Midnight's Children

Midnight's Children The Beginnings of a British India

India will forever be influenced by England's long-term occupation of the country. The atrocities committed against Indians and the way that the British tried to erase the country's culture will take decades to overcome. However, England's first introduction to India was not through sheer violence. Instead, the British East India Company worked with the Mughal Empire to provide a mutually beneficial relationship with the country during the 1600s.

One hundred years later, the Mughal Empire began to crumble. Provinces pulled their support of the royal family and began squabbling about power and land titles. Because the Mughal Empire was losing its footing, it could do nothing to stop the skirmishes in India.

The Company, which was currently losing money due to the fighting, decided that it would take matters into its own hands. They banded together with the French and conquered the feuding country in 1757. The British East India Company remained in power for just over one hundred years. They also amassed a great deal of land during that time, ultimately taking over the whole country.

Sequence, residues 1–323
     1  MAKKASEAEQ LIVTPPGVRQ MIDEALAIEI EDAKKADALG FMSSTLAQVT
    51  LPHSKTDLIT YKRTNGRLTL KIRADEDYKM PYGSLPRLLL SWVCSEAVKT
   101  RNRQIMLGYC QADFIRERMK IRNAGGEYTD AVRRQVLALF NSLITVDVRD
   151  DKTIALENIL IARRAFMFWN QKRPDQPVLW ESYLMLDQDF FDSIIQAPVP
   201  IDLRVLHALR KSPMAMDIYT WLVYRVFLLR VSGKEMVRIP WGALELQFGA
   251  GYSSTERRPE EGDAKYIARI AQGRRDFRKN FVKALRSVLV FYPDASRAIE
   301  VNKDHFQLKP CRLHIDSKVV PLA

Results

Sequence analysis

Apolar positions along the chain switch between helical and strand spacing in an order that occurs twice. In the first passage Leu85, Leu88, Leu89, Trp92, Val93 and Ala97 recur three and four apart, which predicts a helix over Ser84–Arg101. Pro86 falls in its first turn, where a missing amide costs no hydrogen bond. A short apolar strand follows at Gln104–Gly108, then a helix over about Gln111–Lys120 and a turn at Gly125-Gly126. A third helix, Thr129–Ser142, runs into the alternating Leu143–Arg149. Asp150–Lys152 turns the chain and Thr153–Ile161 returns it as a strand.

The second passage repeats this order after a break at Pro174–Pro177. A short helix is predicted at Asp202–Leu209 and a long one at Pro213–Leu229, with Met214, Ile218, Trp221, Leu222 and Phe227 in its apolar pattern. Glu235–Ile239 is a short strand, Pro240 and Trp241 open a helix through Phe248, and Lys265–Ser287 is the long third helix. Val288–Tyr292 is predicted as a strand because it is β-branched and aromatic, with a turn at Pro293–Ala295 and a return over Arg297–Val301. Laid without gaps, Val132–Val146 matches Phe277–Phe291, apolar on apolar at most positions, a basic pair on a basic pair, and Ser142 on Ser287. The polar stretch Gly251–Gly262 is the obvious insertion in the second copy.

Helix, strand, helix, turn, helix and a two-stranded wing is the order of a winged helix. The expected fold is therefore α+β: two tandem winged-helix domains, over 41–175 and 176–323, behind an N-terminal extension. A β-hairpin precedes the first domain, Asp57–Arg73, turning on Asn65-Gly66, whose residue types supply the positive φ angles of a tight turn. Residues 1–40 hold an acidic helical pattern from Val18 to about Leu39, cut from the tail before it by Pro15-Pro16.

To keep the Indians under control, the British employed the use of sepoys, or Indian soldiers, to keep the peace. This lead to a divide among the Indians; there were many who believe that India should be free, but Britain's supporters were trained and heavily armed by Britain. Peaceful marches became massacres, revolutionaries were murdered; it was impossible for India to break free from English control.

Setting up a British economy was a shrewd move on England's part. Forcing Indians to buy British-made goods and suffocating local businesses kept money flowing through England. It also made the Indians reliant on England for all their supplies. If they protested, they would lose their ability to purchase food and supplies for their homes.

By forcing Indians to adapt to British rules and then making other Indians enforce these customs, the British Empire was able to create a culture of self-sustaining imperialism. There was no way for Indians to break free from the cycle without harm coming to them and their family; so instead, they adjusted to life under British rule.